IRS Recharacterizes Dividend Payments to S Corp Shareholder as Wages
Watson, P.C. v. U.S., (DC IA 12/23/10)
An Iowa district court has concluded that an S corporation shareholder-employee’s $24,000 salary in 2002 and 2003 was unreasonably low, and allowed the IRS to reclassify over $134,000 of dividend payments to the shareholder-employee as salary. As a result, the corporation now owes employment taxes, penalties and interest on an additional $134,000 of wages.
Certain industries are well known for planning to minimize Medicare and Social Security taxes by routing what would otherwise be self-employment income through an S corporation and then paying the shareholder-employee a nominal salary. Since the amount of compensation that an S corporation pays its employee-shareholder is within the employee-shareholder’s discretion, he or she has an incentive to claim less than a reasonable salary and take from the S corporation other payments (e.g., dividends) that are not subject to employment taxes. Because of the ease in which this type of financial manipulation takes place, it is a long-standing compliance priority for the IRS to limit these types of abusive arrangements.
The Facts of Watson v. U.S. David E. Watson, an accountant, owned a professional corporation called DEWPC that, since its inception, has been taxed as an S corporation. Watson was its sole shareholder, employee, director, and officer, and was the only person to whom DEWPC distributed money during the years at issue. His $24,000 annual salary was documented in the corporate minutes, but in selecting his salary, Mr. Watson did not consider what comparable businesses paid for similar professional. For both years at issue, Watson received dividend distributions from DEWPC that totaled over $175,000 annually.
On Feb. 5, 2007, the IRS assessed $48,519 in taxes, penalties, and interest against DEWPC for the eight calendar quarters of 2002 and 2003. The IRS made these assessments after it determined that the wages paid to Mr. Watson were not reasonable given the circumstances, and that portions of the dividend distributions from DEWPC to Watson should have been characterized as wages subject to employment taxes. DEWPC later paid $4,063.93 toward these assessments and then filed a claim for refund of the payments. The IRS denied the refund claim and DEWPC sued in federal district court.
What is a “Reasonable Salary?” IRS Fact Sheet 2008-25, August 2008, lists the following factors that courts have considered in determining reasonable compensation:
- – training and experience;
- – duties and responsibilities;
- – time and effort devoted to the business;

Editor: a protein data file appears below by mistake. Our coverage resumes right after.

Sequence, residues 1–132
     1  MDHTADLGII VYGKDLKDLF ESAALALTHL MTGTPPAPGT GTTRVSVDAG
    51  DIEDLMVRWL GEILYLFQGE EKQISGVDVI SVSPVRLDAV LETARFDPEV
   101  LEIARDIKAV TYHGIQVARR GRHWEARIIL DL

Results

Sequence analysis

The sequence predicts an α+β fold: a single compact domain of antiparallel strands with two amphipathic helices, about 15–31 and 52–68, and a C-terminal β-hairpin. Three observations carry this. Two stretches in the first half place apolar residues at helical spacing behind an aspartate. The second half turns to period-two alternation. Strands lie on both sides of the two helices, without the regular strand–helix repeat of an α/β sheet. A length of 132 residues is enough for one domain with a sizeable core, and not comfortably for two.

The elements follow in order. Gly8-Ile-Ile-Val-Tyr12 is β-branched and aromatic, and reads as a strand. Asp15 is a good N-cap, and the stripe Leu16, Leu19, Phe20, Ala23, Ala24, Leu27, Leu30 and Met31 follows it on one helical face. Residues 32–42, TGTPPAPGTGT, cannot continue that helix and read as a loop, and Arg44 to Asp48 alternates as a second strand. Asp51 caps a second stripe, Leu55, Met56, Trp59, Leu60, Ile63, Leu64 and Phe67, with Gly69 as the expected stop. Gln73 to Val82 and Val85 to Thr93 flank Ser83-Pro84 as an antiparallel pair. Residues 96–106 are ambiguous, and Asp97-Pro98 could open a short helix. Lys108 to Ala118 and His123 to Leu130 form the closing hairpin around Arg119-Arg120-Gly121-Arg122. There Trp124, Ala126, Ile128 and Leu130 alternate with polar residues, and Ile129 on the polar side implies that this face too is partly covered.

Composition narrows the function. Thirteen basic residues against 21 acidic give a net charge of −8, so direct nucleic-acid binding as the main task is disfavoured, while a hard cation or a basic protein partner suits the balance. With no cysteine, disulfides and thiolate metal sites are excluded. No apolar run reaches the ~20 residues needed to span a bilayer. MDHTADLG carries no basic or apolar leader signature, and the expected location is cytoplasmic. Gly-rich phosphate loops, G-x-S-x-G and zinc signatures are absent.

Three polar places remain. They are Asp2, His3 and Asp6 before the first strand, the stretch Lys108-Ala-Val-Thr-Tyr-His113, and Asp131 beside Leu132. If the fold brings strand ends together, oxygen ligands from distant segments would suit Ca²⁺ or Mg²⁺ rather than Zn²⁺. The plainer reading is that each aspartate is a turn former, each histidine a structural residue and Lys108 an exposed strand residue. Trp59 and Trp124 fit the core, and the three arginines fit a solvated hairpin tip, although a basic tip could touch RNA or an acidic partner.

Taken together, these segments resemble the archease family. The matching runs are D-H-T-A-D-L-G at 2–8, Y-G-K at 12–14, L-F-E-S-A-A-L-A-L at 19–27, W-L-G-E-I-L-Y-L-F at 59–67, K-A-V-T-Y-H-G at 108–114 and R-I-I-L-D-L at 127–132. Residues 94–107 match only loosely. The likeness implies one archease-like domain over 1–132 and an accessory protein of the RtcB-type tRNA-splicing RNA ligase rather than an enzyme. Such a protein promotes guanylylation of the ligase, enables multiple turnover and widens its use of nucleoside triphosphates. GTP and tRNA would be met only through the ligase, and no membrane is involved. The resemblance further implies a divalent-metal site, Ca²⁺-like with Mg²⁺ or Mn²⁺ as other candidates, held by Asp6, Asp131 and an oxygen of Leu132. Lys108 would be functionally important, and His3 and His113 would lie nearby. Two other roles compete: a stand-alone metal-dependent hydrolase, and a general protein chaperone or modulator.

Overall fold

- – dividend history;
- – payments to non-shareholder employees;
- – timing and manner of paying bonuses to key people;
- – what comparable businesses pay for similar services;
- – compensation agreements; and
- – use of a formula to determine compensation.
The District Court’s Ruling. The district court said that the proper tax treatment of funds disbursed by an S corporation to its employees or shareholders turns on an analysis of whether the payments were remuneration for services performed. After reviewing the facts, the court concluded that DEWPC structured Watson’s salary and dividend payments in an effort to avoid federal employment taxes, with full knowledge that the dividends paid to Watson were actually “remuneration for services performed.” With the assistance of expert testimony, the court determined that a reasonable salary for a person acting in Watson’s role as DEWPC’s sole shareholder, officer, and employee would be $91,044 – far more than the $24,000 salary he had been paying himself. The court pointed out that Watson was an exceedingly qualified accountant, with both bachelor’s and advanced degrees, working as one of the primary earners in a reputable firm that had over $2 million in gross revenues in 2002 and nearly $3 million in 2003. Accordingly, DEWPC now owes employment taxes, penalties, and interest on $134,000 of dividend distributions paid in 2002 and 2003, that the court reclassified as wages.
Although this ruling originates from Iowa, it is instructive for Virginia taxpayers because it is based on the interpretation of the Internal Revenue Code and the application of federal case law. Accordingly, any closely held corporation, which may be attempting to bail out ordinary income in the form of dividends or non-taxable shareholder distributions, must be cognizant of the possibility that IRS may recharacterize those distributions as wages, causing the business to owe additional employment taxes, including penalties and interest.